Judy Haynos, Joey’s speech pathologist, recalls when his speech was only 20 percent intelligible. “Now,” she says, “for the untrained person, he’s 60 percent intelligible, and for those who know him, he’s up to about 80 percent.” Most patients with TBI don’t progress as quickly, Haynos adds.

On this day, in Meyer 1, Joey stands squarely over a kitchen counter mixing chocolate chunk brownies with his left hand. It’s a balancing act. He holds the bowl with his right hand, still shaky with lingering tremors. He steadies his legs and starts to mouth words, taking a deep breath, just as Haynos taught him to do.

“Thee-ee-ese are for you,” he says to occupational therapist Annette Lavezza, pointing to the brownie batter.

“You’re doing great, Joey,” replies Lavezza, smiling in appreciation.

“You too,” he says, gesturing with a thumbs-up sign and flashing a high-wattage smile.

“One thing hasn’t changed about Joey,” says his mother, who is standing by. “He enjoys being sociable.”


Neuropsychologist Kate Kortte is one of the first points of contact for outpatient neurorehab patients. In an exhaustive evaluation lasting up to six hours, Kortte assesses the cognitive-behavioral skills needed to perform everyday tasks, like driving, paying bills and going to work. She finds out if the person needs supervision to complete daily activities. Then she helps patients and caregivers adapt to changes in their lives.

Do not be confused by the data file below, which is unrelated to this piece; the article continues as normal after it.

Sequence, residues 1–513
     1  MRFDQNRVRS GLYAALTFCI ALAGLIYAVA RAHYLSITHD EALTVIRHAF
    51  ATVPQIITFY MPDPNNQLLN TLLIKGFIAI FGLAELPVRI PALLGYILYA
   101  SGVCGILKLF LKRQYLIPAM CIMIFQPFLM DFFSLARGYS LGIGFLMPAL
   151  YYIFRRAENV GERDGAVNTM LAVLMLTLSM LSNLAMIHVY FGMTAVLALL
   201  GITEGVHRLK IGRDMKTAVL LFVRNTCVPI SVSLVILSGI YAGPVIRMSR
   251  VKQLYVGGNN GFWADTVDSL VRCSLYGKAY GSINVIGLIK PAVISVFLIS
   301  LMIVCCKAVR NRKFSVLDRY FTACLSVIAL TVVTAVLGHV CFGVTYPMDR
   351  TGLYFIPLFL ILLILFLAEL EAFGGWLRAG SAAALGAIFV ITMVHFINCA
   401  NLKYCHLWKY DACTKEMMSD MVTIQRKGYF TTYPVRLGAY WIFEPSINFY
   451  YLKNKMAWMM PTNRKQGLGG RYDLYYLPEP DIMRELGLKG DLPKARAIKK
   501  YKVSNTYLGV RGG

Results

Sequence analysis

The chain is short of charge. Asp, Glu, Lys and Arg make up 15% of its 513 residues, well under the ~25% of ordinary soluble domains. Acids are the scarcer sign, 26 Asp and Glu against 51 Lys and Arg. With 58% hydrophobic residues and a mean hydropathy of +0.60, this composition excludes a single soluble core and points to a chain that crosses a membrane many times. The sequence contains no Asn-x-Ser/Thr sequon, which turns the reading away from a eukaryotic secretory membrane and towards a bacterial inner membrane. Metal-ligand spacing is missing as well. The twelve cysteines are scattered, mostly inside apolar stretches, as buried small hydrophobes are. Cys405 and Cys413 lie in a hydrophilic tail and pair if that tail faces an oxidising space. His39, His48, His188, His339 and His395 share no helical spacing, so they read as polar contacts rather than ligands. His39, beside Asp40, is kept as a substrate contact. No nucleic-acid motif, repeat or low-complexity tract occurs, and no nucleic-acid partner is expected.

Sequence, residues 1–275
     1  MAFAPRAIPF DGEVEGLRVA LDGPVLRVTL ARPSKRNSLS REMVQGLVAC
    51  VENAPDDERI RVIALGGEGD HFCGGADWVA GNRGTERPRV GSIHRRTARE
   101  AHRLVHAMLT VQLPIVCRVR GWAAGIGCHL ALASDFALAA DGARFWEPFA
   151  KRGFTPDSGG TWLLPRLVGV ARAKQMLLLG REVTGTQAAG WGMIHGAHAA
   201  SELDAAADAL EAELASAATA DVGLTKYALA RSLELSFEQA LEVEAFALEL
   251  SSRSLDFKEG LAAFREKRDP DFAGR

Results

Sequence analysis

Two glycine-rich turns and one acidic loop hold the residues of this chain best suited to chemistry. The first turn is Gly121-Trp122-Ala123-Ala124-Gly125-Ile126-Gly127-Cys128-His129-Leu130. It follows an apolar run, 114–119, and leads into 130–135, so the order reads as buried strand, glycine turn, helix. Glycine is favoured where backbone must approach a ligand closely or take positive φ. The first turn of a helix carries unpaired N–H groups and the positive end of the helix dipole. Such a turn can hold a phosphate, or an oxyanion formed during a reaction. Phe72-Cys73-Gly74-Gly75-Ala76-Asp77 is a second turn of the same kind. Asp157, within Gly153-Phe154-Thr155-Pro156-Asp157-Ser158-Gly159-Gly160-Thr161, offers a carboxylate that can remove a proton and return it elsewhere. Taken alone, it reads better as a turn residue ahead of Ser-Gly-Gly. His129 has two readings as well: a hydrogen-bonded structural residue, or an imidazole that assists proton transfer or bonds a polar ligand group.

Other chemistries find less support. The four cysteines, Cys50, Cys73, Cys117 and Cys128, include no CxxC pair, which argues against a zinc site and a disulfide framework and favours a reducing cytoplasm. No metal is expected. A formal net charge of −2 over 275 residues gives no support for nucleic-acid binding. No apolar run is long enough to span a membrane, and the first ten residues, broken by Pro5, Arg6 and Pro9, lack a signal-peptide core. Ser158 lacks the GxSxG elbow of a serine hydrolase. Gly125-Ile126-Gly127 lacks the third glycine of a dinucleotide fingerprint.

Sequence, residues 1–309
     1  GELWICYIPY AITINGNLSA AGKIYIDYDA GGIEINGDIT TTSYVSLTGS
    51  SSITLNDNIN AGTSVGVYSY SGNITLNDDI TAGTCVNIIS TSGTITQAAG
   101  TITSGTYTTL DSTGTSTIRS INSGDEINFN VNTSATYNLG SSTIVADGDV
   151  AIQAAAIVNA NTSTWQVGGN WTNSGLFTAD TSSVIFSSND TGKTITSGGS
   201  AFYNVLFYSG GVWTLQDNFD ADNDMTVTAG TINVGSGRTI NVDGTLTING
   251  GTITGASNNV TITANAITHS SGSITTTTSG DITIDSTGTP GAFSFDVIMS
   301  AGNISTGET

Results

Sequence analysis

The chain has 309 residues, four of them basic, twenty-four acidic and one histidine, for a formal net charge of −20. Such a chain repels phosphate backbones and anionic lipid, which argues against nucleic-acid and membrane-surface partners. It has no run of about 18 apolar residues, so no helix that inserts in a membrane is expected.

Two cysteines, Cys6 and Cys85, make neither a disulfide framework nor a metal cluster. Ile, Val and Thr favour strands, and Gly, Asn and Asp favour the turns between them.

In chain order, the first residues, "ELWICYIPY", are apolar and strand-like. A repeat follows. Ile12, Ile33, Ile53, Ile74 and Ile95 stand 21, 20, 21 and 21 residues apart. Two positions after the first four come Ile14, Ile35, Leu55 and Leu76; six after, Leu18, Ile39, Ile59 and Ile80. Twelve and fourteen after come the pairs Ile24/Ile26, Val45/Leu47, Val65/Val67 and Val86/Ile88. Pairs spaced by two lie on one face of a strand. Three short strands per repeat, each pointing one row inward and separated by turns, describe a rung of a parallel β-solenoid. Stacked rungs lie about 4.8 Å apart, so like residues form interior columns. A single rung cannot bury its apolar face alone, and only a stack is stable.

It’s not easy. Take the case of a stroke patient who, for many years, was an executive assistant at a big firm. She was known for being organized and efficient. But the stroke impaired her memory and organizational skills. After leaving the hospital, she returned to work but couldn’t complete her tasks and almost lost her job. She consulted the outpatient program and embarked on a rehab plan to improve her cognitive skills. She spent several weeks working on organizational strategies, her memory and the tasks her job required. Today, even though she’s not the same executive assistant as before the stroke, she has been able to keep her job and continues to progress in her path to recovery.